The poster presents an innovative approach to support English Language Learners using a learner-driven and instructor-facilitated approach. Through this one-on-one support by a writing instructor, students develop their linguistic and knowledge capital required for writing in their respective courses. This risk-free approach that embraces relationality, respect and reciprocity to support students in their respective zone of proximal development can be enhanced by Culturally Responsive Pedagogy. The result of one-month of investment of time by instructor in collaboration with student have resulted in transformative impact, and opens up opportunities for further development should the student wish to pursue them. Continue reading “Reading and Writing Excellence Program: A Safe and Brave Space to Address Inequities”

Tutor’s experience: A session reflection on identity occlusion in virtual and in-person spaces

Vol. 3, No. 1 (Summer 2022)

By Mohsen Hosseinpour Moghaddam,
Graduate Writing Facilitator, Simon Fraser University

Mohsen is a PhD student in Education at Simon Fraser University. He moved to Canada from Iran in 2012. He started learning English at the age of twenty. Before that, he only knew a few words and grammar rules. He is currently working as an Graduate Writing Facilitator on the undergraduate team at the Student Learning Commons (SLC) and WriteAway. At SLC, in addition to offering individual writing consultations, he delivers general and course-integrated writing workshops across disciplines on topics ranging from argumentation to ethical use of research material in writing assignments.

“Body is never simply matter, for it is never divorced from perception and interpretation…and it is subject to examination and speculation” – Carla Peterson (2001, as cited in James Alexander, 2001, p. 108)

Mohsen Hosseinpour Moghaddam

Scene 1 (teaching in-person)
I started working as an undergraduate writing advisor at the Student Learning Commons (SLC) in the middle of the third year of my PhD program. I have been teaching workshops and having one-on-one consultations with students since then. Coming to Canada as an international student from the Middle East (Iran)[1] and being a non-native speaker/writer (NNS/W) of English made the challenges of being a writing advisor more intense. A question that has always lingered on my mind is if I am a legitimate writing advisor. I am not saying that others directly question my legitimacy and credibility as a writing advisor; this is just a feeling that I have always had with me as a NNS/W of English teaching at a Canadian university. Continue reading “Tutor’s experience: A session reflection on identity occlusion in virtual and in-person spaces”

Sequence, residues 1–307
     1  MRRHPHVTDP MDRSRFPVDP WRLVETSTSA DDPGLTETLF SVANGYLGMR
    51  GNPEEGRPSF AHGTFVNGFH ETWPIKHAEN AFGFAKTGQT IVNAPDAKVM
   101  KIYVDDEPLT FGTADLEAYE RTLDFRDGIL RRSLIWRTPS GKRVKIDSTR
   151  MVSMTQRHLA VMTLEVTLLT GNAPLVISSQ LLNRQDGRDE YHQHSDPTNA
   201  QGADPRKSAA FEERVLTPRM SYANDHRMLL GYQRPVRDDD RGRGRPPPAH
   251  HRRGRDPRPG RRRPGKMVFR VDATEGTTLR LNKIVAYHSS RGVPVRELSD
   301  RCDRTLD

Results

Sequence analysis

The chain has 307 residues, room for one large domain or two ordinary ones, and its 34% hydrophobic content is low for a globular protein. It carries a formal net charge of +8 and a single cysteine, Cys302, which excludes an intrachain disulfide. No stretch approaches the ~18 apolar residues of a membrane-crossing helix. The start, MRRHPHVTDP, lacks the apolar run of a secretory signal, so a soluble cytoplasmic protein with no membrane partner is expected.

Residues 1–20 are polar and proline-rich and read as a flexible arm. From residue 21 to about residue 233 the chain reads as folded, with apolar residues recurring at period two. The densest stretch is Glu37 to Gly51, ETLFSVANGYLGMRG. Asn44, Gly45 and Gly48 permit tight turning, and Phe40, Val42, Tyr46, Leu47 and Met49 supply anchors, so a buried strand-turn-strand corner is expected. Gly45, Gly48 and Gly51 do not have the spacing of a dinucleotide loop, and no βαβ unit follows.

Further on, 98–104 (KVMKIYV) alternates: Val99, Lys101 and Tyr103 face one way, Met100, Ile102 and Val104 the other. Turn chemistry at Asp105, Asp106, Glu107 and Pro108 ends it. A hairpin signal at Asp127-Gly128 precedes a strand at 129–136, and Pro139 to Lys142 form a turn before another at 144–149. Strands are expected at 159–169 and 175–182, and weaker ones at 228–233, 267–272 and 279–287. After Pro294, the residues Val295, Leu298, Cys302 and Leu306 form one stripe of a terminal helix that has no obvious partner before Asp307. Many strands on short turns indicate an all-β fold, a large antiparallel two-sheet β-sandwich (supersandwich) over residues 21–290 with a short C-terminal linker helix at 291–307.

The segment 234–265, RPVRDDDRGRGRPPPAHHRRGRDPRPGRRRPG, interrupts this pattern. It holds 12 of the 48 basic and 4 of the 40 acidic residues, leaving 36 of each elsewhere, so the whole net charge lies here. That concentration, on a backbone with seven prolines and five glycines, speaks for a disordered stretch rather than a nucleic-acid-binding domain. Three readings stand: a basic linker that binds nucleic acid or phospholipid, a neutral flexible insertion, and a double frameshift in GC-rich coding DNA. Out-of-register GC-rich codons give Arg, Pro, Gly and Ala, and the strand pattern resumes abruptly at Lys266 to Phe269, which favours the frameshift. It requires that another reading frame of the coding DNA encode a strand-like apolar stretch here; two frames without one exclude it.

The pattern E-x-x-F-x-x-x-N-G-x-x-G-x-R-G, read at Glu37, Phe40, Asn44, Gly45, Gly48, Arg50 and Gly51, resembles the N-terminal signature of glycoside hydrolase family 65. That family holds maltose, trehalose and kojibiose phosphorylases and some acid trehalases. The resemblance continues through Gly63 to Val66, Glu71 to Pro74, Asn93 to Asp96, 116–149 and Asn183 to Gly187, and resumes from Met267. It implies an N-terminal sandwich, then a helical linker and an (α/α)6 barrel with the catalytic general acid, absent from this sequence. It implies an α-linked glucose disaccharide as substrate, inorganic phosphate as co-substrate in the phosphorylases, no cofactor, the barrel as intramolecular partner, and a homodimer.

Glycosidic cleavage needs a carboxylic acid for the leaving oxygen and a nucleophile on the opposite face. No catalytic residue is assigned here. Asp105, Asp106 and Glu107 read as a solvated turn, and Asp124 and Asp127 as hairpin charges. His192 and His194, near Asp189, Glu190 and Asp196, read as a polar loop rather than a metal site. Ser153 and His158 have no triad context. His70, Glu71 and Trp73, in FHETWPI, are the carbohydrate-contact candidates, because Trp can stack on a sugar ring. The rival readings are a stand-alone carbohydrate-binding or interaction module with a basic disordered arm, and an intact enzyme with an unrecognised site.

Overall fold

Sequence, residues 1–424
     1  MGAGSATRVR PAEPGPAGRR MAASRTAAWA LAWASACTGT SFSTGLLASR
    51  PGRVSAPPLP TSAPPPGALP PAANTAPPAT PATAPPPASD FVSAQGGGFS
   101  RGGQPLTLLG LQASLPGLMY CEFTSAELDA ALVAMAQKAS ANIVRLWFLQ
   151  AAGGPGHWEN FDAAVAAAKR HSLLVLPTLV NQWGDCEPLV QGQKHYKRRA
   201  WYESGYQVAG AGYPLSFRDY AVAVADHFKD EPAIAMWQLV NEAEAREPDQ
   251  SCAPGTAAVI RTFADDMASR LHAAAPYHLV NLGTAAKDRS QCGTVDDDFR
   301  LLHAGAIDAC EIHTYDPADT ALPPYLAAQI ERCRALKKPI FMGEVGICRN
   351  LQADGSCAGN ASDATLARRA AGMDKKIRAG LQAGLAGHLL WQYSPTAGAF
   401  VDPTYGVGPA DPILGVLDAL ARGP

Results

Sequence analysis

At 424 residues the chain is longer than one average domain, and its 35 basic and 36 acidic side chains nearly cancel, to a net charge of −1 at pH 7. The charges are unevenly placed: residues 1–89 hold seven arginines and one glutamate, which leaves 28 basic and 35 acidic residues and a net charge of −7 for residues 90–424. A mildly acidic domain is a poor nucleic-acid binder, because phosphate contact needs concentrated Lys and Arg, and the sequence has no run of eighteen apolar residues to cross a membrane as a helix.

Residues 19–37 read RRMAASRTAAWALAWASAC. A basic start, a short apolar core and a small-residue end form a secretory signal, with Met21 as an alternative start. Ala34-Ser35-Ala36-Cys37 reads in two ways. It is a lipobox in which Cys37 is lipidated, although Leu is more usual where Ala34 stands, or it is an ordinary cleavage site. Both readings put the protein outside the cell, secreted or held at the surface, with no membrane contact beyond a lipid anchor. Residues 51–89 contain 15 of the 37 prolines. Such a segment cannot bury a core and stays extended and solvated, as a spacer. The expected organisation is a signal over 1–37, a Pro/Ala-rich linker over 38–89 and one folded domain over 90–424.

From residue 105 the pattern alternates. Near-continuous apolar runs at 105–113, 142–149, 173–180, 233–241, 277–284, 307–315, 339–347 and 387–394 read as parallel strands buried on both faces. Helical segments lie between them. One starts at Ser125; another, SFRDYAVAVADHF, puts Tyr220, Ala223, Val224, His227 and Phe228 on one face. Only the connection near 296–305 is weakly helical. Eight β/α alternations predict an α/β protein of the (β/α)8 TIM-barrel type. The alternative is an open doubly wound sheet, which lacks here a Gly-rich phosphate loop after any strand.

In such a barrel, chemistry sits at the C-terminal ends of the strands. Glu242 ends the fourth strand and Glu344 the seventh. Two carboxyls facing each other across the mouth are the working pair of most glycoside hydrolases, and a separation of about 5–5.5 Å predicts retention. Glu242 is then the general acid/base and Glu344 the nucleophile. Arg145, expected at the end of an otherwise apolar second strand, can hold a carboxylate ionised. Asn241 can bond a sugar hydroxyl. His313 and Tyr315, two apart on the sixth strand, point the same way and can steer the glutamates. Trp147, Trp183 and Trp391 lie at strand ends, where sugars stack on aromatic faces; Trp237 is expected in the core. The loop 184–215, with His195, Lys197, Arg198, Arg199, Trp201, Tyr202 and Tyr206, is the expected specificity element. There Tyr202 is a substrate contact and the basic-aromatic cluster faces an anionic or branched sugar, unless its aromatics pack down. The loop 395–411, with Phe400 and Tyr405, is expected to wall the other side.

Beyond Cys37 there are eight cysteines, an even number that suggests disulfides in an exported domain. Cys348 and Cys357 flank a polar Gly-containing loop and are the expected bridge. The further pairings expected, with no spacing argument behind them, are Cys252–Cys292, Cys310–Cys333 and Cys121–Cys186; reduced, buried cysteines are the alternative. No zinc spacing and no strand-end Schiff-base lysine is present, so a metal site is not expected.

Making Space for Speaking at the Canadian Writing Centre

A conference presenter speaking into a microphone

No. 3 Vol. 3 (Summer 2022)

This post is from the 2022 CWCA/ACCR annual conference virtual poster session. – Stevie Bell and Brian Hotson, 2022 CWCA/ACCR conference co-chairs

By Moberley Luger & Craig Stensrud, University of British Columbia

As writing centres increasingly become centres for writing and communication, our presentation calls for expanding the place of speaking pedagogies in writing centres. We understand scholarly speaking as an integral part of the research—and, indeed, writing—process. We will share a scholarly speaking web resource we built available to Canadian writing centres: The Precedents Archive for Scholarly Speaking (PASS). The site features examples of student speakers and aims to align speaking and writing pedagogies.

Please share widely! speaking.arts.ubc.ca


Managing the Emotional Well-being of Tutors and Students in a Middle-Eastern Writing Center

Landscape image of palm trees and institutional buildtings

Vol. 3 No. 4 (Summer 2022)

This post is from the 2022 CWCA/ACCR annual conference virtual poster session. – Stevie Bell and Brian Hotson, 2022 CWCA/ACCR conference co-chairs

By Maria Eleftheriou, Tamanna Taher, Alaa Itani, Konstantina Spyropoulou, & Zahraa Al-Dawood, The American University of Sharjah

As part of an effort to address writing issues, the American University of Sharjah (AUS) located in the United Arab Emirates established a writing center with a peer-tutoring program in 2004. The Writing Center conducts approximately 3500 appointments a year and has a staff of 30 undergraduate tutors and four graduate tutors. In this video, we describe how our Writing Center responded to the emotional challenges presented by the pandemic. We present our story through a variety of clips which illustrate the ongoing process of introducing emotional intelligence training in our program: the discussions that emphasized the importance of emotions in the teaching and learning process, the role-playing activities and readings we incorporated into our training program, the opportunities tutors are given to discuss strategies for avoiding burn-out and our developing ability to create a safe and supportive atmosphere in our Writing Center. Continue reading “Managing the Emotional Well-being of Tutors and Students in a Middle-Eastern Writing Center”

Colonial outposts in the 36th chamber: Hip hop pedagogies and writing centres

Vol. 3, No. 5 (Spring 2022)
Brian Hotson,